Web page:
Self Help Graphics & Art, a non-profit arts institution with deep roots in unincorporated East Los Angeles, will move to Boyle Heights at the end of this month.
Last Friday’s announcement was bittersweet for the artists who have long worked at the site, but are now hopeful that the lower rent for the new location with the same amount of space will allow them to strengthen their operations. But they admit they will miss their old home on Cesar Chavez Avenue, which is more than just a building to many in the community.
Evonne Gallardo, Self Help Graphics’ executive director told EGP that even though they are moving they want to see to it that the building is protected. “We care about the building, and we’ve supported the LA Conservancy’s nomination of the building to the California Register of Historic Resources,” she said. But the cost to stay in the location has hampered Self-Helps’ ability to grow.
In August 2010 the Los Angeles County Historical Landmarks and Records Commission voted unanimously to recommend landmark designation of the Self Help Graphics and Art Building to the State Historical Resources Commission.
The building’s nomination is on the commission’s agenda for May, Karina Muñiz, of the Los Angeles Conservancy told EGP. The nomination is important to protecting the building’s historic and cultural features because there is no preservation ordinance in unincorporated East LA, she said.
In 2008, a real estate investment company purchased the building, constructed in 1927.
Less than two years later it was on the market again, according to the LA Conservancy website. If the site is listed in the California Register of Historical Resources, any future development proposals for the site will be subject to review under the California Environmental Quality Act. CEQA is used as a tool to protect historic resources by providing a public review process in cases of proposed demolition.
The L.A. Conservancy considers the building both architecturally and culturally significant. The building features integral mosaic artwork by Eduardo Oropeza, which they say makes it a community icon. The site has played a significant role in Chicana/o art, cultural identity, and political movement-building on local, state, national, and international levels, Muñiz said.
“I think the building has certainly intertwined with the organization’s identity, but the organization is not a building. We are made up of artists, individuals as a community…” Gallardo told EGP.
Self Help will move to 1300 1st Street, directly across the street from the Felicitas and Gonzalo Mendez Learning Center and the Pico/Aliso Metro Gold Line Station. Gallardo expressed hope that the East Los Angeles youth they currently serve and residents at large will use the light rail to visit their future center.
Self Help Graphics has been a great institution in East LA and surrounding communities, said Benjamin Cárdenas, president of the East Los Angeles Residents Association.
“It’s definitely sad, it’s always sad to say goodbye, whether it’s to an individual or building… but the change is for the best and I think that we are excited about entering this new chapter,” Gallardo said, noting that they hope to create partnerships with organizations in Boyle Heights.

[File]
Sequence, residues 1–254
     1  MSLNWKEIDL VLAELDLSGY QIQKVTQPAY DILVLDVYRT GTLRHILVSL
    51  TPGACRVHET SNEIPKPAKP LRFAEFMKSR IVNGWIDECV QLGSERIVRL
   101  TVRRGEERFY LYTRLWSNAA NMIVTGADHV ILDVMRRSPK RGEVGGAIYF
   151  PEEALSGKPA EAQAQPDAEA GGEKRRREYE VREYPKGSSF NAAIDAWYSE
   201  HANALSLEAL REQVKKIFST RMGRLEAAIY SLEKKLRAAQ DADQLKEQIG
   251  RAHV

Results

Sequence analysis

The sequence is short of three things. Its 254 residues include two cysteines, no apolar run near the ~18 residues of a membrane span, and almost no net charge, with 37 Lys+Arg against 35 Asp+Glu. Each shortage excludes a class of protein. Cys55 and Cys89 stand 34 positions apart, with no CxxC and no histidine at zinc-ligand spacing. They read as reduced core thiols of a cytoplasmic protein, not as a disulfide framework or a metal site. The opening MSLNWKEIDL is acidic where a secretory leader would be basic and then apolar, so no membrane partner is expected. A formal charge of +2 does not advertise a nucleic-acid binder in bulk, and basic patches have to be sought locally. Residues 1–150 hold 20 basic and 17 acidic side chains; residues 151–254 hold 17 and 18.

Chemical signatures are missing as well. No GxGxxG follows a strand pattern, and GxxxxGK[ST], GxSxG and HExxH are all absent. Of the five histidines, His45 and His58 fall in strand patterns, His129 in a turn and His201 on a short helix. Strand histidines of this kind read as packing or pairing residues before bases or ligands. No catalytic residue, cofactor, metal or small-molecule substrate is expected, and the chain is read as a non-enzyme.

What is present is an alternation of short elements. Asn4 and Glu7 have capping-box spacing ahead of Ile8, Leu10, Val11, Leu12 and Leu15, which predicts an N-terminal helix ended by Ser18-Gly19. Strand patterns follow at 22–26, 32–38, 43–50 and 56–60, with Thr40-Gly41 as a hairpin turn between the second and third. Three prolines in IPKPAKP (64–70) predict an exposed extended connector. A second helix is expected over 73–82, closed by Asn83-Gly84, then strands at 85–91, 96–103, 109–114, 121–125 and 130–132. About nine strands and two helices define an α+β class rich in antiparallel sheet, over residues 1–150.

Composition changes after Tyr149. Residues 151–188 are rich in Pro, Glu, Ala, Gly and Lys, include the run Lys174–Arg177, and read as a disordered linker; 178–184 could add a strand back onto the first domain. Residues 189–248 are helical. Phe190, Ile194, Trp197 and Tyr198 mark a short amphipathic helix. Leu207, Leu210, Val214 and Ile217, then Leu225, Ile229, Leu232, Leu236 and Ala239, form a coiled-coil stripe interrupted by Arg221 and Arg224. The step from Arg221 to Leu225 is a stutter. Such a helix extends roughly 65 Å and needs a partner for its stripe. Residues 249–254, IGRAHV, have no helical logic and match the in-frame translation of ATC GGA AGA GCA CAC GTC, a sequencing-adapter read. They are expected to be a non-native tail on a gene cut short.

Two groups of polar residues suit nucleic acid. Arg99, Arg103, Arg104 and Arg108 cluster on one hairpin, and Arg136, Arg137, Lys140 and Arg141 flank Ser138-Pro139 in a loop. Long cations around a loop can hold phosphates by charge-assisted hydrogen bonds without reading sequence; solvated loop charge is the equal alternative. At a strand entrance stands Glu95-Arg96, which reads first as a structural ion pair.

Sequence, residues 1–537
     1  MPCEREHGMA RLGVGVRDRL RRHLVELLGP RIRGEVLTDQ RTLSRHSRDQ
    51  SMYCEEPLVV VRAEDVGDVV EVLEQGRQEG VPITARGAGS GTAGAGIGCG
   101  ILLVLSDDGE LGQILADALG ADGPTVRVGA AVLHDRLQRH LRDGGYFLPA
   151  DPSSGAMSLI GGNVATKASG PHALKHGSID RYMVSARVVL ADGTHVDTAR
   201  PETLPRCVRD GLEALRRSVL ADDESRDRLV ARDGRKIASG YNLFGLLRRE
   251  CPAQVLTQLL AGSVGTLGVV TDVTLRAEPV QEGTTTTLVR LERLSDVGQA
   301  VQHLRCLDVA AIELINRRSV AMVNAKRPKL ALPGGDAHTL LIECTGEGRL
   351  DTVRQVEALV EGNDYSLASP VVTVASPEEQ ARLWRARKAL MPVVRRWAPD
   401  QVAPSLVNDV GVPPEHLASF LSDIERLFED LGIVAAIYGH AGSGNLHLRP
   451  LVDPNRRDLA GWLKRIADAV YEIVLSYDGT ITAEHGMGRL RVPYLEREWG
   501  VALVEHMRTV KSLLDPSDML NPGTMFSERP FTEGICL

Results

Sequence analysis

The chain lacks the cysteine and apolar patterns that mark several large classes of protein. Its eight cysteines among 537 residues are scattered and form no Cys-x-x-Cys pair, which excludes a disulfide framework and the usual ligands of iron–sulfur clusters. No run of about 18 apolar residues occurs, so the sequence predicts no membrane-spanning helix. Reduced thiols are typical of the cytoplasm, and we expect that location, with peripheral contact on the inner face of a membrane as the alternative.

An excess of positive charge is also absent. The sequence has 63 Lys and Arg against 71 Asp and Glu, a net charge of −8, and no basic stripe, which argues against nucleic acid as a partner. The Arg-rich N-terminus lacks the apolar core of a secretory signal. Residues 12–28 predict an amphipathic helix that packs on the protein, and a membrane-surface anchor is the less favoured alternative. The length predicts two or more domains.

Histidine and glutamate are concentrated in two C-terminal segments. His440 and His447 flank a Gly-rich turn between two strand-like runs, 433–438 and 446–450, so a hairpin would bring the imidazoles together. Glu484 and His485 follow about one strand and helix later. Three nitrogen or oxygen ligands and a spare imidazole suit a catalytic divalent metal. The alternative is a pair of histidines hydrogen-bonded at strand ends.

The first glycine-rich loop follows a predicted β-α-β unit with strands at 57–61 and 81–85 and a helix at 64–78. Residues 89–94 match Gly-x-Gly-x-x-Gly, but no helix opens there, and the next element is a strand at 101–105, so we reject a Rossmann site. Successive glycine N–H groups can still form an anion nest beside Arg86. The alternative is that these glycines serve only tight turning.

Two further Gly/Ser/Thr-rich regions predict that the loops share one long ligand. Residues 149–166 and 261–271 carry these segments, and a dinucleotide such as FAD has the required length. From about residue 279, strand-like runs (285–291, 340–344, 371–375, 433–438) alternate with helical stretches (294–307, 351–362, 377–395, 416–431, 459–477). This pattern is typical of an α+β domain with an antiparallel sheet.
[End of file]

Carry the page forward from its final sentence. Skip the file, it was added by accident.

The organization has already been invited to be a supporting partner with Dolores Mission’s Proyecto Pastoral “Boyle Heights Neighborhood Initiative,” the recipient of a coveted Promise Neighborhoods grant that provides cradle-to-career services for young people in the area. “We look forward to working together with our neighbors to serve our youth in a much more impactful way,” Gallardo said.
In December, Councilmember Jose Huizar and local artists kicked-off a $12 million streetscape project in Boyle Heights’ burgeoning Arts District along First Street, from the Pico Aliso area to the city limits at Indiana. A gallery, theatre and bookstore currently compose the heart of the district near the intersection of Cummings and 1st Street, just east of the I-5 and I-10 freeways.
Self Helps’ new building will be just over the 1st Street Bridge heading east out of downtown. “We will be the first point of entry into the Eastside Arts District,” Gallardo said.
“The opportunity to be a vital part of a new arts district, combined with our need to ensure a fiscally sound future for the organization, compelled us to make the decision to move,” said Stephen Saiz, president of the organization’s board of directors in a written statement.
“Self Help is grateful for the opportunity to partner with the Los Angeles Community Redevelopment Agency and the City of Los Angeles to serve thousands of artists, youth, families, and community with quality arts programming.”
The announcement of the institution’s move comes three years after the Los Angeles Catholic Archdiocese sold the building that housed the organization rent-free for nearly 40 years. The new owners began charging Self Help rent at the beginning of 2009. Plans to fundraise and purchase the building did not materialize as the economy plummeted.
The organization will continue offering Tuesday after-school programs and Saturday morning Aerosol art workshops while packing takes place this month. Volunteers are needed for the move on April 2; for more information call (323) 881-6444.
For more information about the building on Cesar Chavez and the LA Conservancy’s efforts visit http://www.laconservancy.org/issues/issues_selfhelp.php4